Thanks for the review. Do you know what compound is used? For example – I have the Python UST on the rear of my full squish – MRC Medium (under their Enduro line) tread compound. I’m running it reversed and it does well so far for my 26″ bike. Bob running the rear tire in the ‘speed’ or ‘traction’ direction?

  5. Guitar Ted Says:

    BlackBean: The sidewalls on our tubeless ready Hutchinsons seem to be a bit on the thin side as well.

    GreenLightGo: The Captain is running them as they are marked, so in traction mode I suppose. We are noticing some wear on the tread blocks. More so than with some other tires we have ran. Perhaps Hutchinson’s compounds run a bit on the soft side. These are the first Hutchinsons either of us have run, by the way.

  6. Captain Bob Says:

    GreenLightGo: These tires are not marked as “traction or speed” but they are marked “rear or front”. I started out running them backwards but have swithed to the correct direction. I have not noticed any traction changes but I have not had them in a “real” off road terrain. They roll faster when going in the correct direction.

    I’ll post more tonight…..have to get the kids off to school.

  7. Race29 Says:

    I raced the new Pythons this past weekend in a very wide variety of Colorado conditions including wet roots, gravel roads, rocky / technical descents, river crossings and technical climbs. I have them mounted to Stan’s 355’s and run Stan’s sealant. They are definitely fast and were surprisingly durable. I was a little worried about durability but they handled the nasty stuff just fine. (Some of the rocky descents were of the “just hang on and let it rip” variety.) The only shortcoming was the lack of prominent side knobs can make wet roots difficult unless the air pressure is really dialed-in, but they still cornered surprisingly well in all conditions.

  8. Thunderlump Says:

    Hey guys I am curious to see how these hold up especially in the side wall area. At 6’4″ and 205 that seems to be my Achellie’s heel, when it come to running tubeless tires. I have allready had fantastically bad luck with both of the new Bontrager “Tubeless Ready” tires. Im not sire what the difference is between Tubeless ready , and UST, I assume the UST sidewall is thicker/heavier. I have been able to use A maxxis crossmark UST at 35 psi with no sidewall blowouts. Im sure they are trying thinner sidewalls to keep weight down.

    Can some one give me clarification on the diference?

  9. Big Dave Says:

    Welcome to the 21st Century Bob. I’m sorry you’ve been “tubed” for so long and I hope you are here to stay. Even with “non-tubeless” tires, the system is MUCH better than tubes despite a tad bit of extra maintenance.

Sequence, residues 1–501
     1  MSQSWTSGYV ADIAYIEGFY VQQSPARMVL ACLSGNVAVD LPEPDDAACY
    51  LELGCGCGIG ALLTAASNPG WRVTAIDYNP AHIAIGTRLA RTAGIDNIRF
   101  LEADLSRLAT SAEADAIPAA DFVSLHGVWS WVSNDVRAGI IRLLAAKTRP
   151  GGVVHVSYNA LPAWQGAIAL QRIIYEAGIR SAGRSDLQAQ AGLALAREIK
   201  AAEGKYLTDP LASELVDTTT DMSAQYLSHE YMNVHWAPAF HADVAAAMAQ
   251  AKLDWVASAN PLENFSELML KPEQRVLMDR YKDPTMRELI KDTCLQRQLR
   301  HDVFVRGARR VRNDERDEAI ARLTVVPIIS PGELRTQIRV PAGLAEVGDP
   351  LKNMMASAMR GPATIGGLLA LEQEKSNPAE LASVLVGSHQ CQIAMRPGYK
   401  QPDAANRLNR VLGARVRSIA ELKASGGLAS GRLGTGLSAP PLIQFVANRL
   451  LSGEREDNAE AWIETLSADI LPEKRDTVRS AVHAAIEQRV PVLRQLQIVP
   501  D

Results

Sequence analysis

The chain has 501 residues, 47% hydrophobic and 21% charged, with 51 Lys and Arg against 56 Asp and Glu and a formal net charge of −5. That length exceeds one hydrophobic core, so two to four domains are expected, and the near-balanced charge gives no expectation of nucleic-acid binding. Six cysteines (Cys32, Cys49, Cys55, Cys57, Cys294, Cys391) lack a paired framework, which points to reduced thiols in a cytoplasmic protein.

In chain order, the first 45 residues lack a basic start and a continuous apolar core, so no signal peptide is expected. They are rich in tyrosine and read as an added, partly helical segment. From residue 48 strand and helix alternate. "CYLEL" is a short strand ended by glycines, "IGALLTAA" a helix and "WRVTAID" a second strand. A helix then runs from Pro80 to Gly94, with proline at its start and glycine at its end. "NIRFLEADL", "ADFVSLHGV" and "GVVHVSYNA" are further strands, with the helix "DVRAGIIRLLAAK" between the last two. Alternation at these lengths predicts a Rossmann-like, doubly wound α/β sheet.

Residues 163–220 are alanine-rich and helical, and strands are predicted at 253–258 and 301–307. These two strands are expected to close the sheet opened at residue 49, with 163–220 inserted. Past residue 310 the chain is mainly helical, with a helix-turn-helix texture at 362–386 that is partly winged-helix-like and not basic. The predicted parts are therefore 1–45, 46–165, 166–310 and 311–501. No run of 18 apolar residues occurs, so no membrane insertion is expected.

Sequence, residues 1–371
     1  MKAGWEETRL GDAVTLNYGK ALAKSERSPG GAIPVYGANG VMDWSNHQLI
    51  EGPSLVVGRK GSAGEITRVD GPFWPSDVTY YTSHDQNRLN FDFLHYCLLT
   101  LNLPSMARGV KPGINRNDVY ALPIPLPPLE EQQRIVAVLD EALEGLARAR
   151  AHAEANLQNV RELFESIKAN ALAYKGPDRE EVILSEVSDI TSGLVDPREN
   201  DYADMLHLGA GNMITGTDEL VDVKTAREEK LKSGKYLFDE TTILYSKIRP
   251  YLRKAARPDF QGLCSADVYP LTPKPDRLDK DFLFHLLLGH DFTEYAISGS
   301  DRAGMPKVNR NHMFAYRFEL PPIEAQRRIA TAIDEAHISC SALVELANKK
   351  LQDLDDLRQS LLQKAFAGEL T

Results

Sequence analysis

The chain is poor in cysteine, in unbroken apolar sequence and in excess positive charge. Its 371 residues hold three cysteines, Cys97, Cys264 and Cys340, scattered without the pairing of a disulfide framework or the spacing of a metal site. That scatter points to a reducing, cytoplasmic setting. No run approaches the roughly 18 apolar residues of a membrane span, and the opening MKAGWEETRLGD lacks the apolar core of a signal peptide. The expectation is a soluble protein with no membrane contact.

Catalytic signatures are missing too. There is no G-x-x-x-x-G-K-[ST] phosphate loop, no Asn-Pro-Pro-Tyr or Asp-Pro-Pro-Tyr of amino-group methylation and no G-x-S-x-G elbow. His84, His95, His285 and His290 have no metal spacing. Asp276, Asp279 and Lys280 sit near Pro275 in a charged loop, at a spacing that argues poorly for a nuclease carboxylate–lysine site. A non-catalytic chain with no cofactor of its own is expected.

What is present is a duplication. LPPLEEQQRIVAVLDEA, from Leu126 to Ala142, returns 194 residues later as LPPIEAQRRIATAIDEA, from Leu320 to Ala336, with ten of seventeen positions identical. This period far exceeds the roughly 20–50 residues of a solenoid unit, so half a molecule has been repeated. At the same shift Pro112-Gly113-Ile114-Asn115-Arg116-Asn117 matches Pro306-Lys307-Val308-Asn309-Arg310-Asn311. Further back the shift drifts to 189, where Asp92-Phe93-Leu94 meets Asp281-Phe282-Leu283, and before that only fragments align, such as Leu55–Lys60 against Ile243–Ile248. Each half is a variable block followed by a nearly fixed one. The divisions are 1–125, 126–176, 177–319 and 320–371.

How could you go 2 days without riding your bike?

    Thunderlump – The tubeless ready tires are supposed to be running beads that are specific to the mavic tubeless rims….the same beads that came on the original tubeless tires. Tubeless ready tires’ casing and lack of inner rubber coat are the same as a regular non-tubeless tire. UST tubeless tires use the special bead (aramid I think) and the casing has a bit more rubber vulcanized to the inside to seal things up.

    The idea behind tubeless ready is to have a lighter tire with the better bead. Since most people run sealant in ALL tires for back up protection, the extra weight of the UST tubeless tires just didn’t or doesn’t make sense.

    With a good sealant, most tires can be run tubeless.

  10. Vic Says:

    Like Blackbean, I had a pair of Pythons on an NRS, and had only one major complaint, but it was major.

    I found that there was no warning before they let go in a corner. They gripped pretty well and then they didn’t grip at all. My current Ignitors will slip a little before they slip a lot and it gives me a chance to change my line or back off before I am forced to bleed all over the trail. I had a couple of surprising crashes with the pythons that I don’t think I would have had on another tire.

    I am wondering if the 29er version suffers from the same phenomena, or if it is not an issue with the larger tire and or lower available pressures while run without tubes.

  11. GreenLightGo Says:

    Digging into the past to post my impressions of the Python after a racing season using one on the rear of my Sultan w/ Flow rims. First comment – it’s a great tire for what it’s designed to do – period. It rolls like a champ, handles hardpack great and hooks up in the corners (amazingly). It’s not a mud tire and it doesn’t handle the rocky loose over hard as well – but that’s not what it was designed for. Volume is not bad – though it’s narrow, it makes up for that in height. I ran 32 psi just like Capt Bob – perfect for South Florida. Second comment – easy to mount and install on a Flow. It sealed up well and was trouble free. I noticed some accelerated wear until about the 300 mile mark, then it slowed down and wore pretty well. This tire gave me a different experience than the 26×2.3 I ran on my 5×5 trail bike in 07. It performed well enough that I bought two more (for the rear) so I had some back ups. It works, it’s not too heavy and it’s not nearly as expensive as the Racing Ralph. Good things in my opinion.